Tuesday, March 15, 2005

Leaving a Bitter Taste
I'm supposed to be resting after surgery. But a visit to the doctor to make sure that all is going as planned and that nothing is in danger of falling off (even though the color due to bruising is highly suggestive of exactly that scenerio) has me dropping into the lab to see what's on the slab. Among the pile is the March 10th issue of the science journal Nature with a letter entitled "The receptors and coding logic for bitter taste" by KEN L. MUELLER, MARK A. HOON, ISOLDE ERLENBACH, JAYARAM CHANDRASHEKAR, CHARLES S. ZUKER & NICHOLAS J. P. RYBA. Nature 434, 225–229, (2005)

The synopsis provided is as follows: Almost every naturally occurring toxin tastes bitter, so the ability to detect bitterness is vital to animals as a means of avoiding poisonous substances. The T2R family of receptors, found on the tongue and palate epithelium, are implicated in bitter taste sensing. A combination of genetic, behavioural and physiological studies now confirms that T2R receptors are necessary and sufficient for the detection and perception of bitter compounds. Intriguingly the system can be subverted: bitter can be the new sweet. Mice engineered to express a bitter taste receptor in what are normally 'sweet' cells display strong attraction to this family of bitter compounds. So the 'taste' of a sweet or a bitter compound is a reflection of how the specific receptors are wired, rather than a property of the receptors or even of the tasted molecules themselves.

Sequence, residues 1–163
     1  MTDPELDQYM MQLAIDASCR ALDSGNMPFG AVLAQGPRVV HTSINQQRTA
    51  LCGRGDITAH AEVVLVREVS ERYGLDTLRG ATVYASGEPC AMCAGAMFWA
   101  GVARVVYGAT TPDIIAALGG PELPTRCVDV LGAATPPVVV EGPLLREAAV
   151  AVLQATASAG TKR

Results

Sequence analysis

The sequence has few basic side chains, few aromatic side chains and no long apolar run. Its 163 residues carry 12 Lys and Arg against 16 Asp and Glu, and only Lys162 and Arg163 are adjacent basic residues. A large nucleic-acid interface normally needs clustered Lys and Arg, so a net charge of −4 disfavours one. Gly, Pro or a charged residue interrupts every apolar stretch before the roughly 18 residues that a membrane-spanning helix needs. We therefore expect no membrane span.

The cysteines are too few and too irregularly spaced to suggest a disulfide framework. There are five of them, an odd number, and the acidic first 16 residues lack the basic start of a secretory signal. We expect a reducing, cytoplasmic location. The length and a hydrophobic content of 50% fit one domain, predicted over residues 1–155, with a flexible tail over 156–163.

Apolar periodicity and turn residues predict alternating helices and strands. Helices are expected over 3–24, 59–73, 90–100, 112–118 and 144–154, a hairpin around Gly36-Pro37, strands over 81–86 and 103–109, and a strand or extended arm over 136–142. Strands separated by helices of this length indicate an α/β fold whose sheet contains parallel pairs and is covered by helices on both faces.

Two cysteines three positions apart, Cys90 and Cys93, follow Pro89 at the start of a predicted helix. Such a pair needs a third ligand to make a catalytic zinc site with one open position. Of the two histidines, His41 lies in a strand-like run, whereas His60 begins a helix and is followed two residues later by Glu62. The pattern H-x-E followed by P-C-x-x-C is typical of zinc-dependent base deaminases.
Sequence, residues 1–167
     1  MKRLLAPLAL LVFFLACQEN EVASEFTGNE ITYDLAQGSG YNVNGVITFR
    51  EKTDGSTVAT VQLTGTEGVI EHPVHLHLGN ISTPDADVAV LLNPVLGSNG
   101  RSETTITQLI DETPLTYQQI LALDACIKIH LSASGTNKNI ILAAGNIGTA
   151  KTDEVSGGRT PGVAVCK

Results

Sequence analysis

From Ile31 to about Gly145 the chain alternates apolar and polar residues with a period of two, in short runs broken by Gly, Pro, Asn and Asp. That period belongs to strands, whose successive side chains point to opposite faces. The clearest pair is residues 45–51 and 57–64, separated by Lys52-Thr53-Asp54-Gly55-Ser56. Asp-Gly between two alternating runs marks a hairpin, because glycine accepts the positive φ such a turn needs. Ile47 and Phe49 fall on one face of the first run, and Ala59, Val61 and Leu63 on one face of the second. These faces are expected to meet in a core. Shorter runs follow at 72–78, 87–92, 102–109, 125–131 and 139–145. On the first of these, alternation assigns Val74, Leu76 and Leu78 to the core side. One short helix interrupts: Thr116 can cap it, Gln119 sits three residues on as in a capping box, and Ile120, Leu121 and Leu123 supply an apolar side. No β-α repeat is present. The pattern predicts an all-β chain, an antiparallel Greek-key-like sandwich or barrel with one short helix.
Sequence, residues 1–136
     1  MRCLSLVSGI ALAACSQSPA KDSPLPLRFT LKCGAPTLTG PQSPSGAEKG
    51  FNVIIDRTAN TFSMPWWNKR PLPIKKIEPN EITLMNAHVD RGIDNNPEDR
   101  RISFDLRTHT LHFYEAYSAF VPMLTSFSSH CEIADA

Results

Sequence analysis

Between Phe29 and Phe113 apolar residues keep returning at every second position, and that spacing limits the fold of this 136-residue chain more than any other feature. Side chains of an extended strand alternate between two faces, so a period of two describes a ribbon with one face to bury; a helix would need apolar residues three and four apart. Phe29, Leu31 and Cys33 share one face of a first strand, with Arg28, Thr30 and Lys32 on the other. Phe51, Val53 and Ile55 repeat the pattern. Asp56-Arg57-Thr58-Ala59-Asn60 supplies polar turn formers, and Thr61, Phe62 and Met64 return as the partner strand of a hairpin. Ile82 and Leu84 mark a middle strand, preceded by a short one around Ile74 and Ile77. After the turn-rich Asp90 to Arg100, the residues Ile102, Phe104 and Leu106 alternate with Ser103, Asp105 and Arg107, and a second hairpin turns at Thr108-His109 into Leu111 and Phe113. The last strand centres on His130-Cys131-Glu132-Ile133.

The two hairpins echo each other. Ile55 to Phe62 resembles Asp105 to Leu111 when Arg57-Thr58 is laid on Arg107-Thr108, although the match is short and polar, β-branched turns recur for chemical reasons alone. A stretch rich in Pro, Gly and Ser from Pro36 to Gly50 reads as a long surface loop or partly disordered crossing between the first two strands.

So it is true that an aversion to bitter is a good thing, but if you actually do like bitterness then maybe, just maybe, your sweet/bitter receptors have been mixed up!

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